Forbes on the Books that Inspired the New Dungeons & Dragons

Tuesday, January 27th, 2015 | Posted by John ONeill

The Name of the Wind-smallGary Gygax, creator of Advanced Dungeons and Dragons, famously listed the fantasy writers and books that inspired him in Appendix N. We’ve had lengthy discussions on Appendix N, and its suitability as a jumping-off point for a fantasy collection, here on Black Gate.

Now that there’s a new version of D&D on the market, it’s not too surprising that its creators have included their own version of Appendix N. And while I consider Gygax’s Appendix N to be a terrific resource for classic fantasy fans, I was pleased (and not at all surprised) to find that the new inspiration comes chiefly from a new generation of fantasy writers.

Forbes magazine writer David M. Ewalt, who’s written about Dungeons and Dragons before, interviewed Mike Mearls, head of R&D for Dungeons & Dragons and co-lead designer on the fifth edition rules, and designer Rodney Thompson. Here’s some excerpts:

Patrick Rothfuss ”showed that bards didn’t have to suck,” according to Mearls. Fifth edition designers knew that players would use the bard class to create characters inspired by Kvothe, the hero of Rothfuss’ novel The Name of the Wind. “We actually talked about using words of power as big element of the bard, but toned it down as too on the nose.”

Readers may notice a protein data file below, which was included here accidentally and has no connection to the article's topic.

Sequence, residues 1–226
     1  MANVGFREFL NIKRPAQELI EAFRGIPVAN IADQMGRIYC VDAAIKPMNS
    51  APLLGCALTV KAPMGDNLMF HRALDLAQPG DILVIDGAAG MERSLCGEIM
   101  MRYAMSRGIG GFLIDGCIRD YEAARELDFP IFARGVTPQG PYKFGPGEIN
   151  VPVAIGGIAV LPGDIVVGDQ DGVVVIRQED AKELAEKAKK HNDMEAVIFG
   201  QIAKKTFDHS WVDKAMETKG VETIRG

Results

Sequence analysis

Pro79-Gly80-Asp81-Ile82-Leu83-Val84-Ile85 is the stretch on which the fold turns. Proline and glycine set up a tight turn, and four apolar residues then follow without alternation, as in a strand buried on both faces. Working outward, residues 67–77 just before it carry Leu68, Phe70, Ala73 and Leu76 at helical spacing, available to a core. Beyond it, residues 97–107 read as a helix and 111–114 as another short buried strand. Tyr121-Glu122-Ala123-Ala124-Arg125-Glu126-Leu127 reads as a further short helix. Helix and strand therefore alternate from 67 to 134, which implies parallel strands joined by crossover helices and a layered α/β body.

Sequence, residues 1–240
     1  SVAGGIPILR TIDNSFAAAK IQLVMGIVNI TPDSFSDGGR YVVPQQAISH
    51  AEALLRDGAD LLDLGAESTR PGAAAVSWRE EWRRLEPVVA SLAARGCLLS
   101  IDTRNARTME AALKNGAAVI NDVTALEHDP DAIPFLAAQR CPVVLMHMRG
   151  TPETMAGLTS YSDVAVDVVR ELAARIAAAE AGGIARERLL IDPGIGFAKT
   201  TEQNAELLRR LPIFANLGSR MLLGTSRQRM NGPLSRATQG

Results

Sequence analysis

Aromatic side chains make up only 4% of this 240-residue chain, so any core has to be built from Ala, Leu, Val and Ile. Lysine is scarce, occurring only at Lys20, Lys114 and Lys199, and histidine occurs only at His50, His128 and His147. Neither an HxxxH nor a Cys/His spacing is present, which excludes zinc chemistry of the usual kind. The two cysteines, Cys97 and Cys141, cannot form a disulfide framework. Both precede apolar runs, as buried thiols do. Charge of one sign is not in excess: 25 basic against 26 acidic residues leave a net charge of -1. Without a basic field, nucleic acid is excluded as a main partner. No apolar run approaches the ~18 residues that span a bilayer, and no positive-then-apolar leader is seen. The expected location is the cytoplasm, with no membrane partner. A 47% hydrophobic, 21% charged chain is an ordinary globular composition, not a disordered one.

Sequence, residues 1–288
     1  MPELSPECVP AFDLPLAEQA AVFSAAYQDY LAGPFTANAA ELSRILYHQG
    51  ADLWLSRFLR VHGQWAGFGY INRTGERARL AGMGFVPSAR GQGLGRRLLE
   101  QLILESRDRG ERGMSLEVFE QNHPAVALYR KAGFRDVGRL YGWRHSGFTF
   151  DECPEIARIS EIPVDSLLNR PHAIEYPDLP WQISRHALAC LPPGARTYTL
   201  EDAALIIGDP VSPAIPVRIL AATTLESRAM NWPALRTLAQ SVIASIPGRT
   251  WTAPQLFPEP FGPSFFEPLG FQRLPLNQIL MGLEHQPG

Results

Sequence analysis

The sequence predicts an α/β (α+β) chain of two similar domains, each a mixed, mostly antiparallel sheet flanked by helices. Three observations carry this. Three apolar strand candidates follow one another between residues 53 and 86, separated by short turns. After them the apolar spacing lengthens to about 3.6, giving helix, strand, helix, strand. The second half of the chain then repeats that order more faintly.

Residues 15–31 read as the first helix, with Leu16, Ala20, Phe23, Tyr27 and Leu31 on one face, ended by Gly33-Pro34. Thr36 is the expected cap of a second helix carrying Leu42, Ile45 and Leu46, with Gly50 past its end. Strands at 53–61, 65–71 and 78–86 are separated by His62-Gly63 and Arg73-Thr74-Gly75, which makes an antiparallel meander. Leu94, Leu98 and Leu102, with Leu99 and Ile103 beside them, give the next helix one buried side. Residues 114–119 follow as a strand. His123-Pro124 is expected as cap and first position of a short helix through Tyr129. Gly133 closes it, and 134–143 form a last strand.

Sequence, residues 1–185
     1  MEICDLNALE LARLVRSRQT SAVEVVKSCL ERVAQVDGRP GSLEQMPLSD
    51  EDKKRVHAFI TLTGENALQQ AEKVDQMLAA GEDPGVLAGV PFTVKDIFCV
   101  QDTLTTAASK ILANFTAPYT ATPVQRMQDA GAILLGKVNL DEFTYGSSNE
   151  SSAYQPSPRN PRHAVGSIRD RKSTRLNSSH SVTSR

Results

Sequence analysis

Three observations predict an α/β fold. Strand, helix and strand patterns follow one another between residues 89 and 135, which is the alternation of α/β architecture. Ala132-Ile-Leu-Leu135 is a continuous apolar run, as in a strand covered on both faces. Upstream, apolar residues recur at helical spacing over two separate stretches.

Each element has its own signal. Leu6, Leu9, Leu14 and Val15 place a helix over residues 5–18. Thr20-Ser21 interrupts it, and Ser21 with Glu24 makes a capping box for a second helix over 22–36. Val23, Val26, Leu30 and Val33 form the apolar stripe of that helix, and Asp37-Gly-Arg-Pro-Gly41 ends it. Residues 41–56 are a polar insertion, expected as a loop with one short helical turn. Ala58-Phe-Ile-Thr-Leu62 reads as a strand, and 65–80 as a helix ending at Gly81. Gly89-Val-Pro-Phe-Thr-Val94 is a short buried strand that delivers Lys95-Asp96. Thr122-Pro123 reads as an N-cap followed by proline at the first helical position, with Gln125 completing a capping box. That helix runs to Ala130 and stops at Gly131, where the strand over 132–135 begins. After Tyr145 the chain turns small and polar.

Saladin Ahmed ”did a great job of capturing the concept of an adventuring party in Throne of the Crescent Moon,” says Mearls. “A lot of the stuff behind bonds, flaws, all the stuff that binds characters to the campaign, was inspired by reading Throne…”

Mearls, Thompson and the rest of D&D team are also inspired by the storytellers who wrote for previous versions of the Dungeons & Dragons game. Last week, Wizards of the Coast announced “Elemental Evil,” a new storyline in the Dungeons & Dragons product universe tied into several new products: The storyline is based, in part, on the 1985 game module The Temple of Elemental Evil, which was written by Gary Gygax and Frank Mentzer for the first edition Advanced Dungeons & Dragons rules.

David M. Ewalt is also the author of Of Dice and Men: The Story of Dungeons & Dragons and the People Who Play It. See his complete article here.


ConFusion Convention Report

Sunday, January 25th, 2015 | Posted by Andrew Zimmerman Jones

GalaxyGameI attended my first science fiction convention in 2000 or so. EerieCon in Niagra Falls, New York. A decade-and-a-half later, I’ve become a regular at some conventions, such as GenCon, but others I don’t regularly attend. The big, more corporately-driven conventions like GenCon, Comic-Con, and DragonCon, are very popular, but it’s the smaller literary conventions where the real die hard fans like to gather. As much as I love many of the media representations of science fiction and fantasy, I fell in love with the genre through books.

Last weekend, I made the drive from my central Indiana home up to Dearborn, Michigan, for ConFusion. I lived in Detroit for 4 years and attended ConFusion several times during that period, but moved away over a decade ago and have only been there a couple of times since. Twice I was fully prepared to go, but mid-January weather caused last minutes changes in my plans.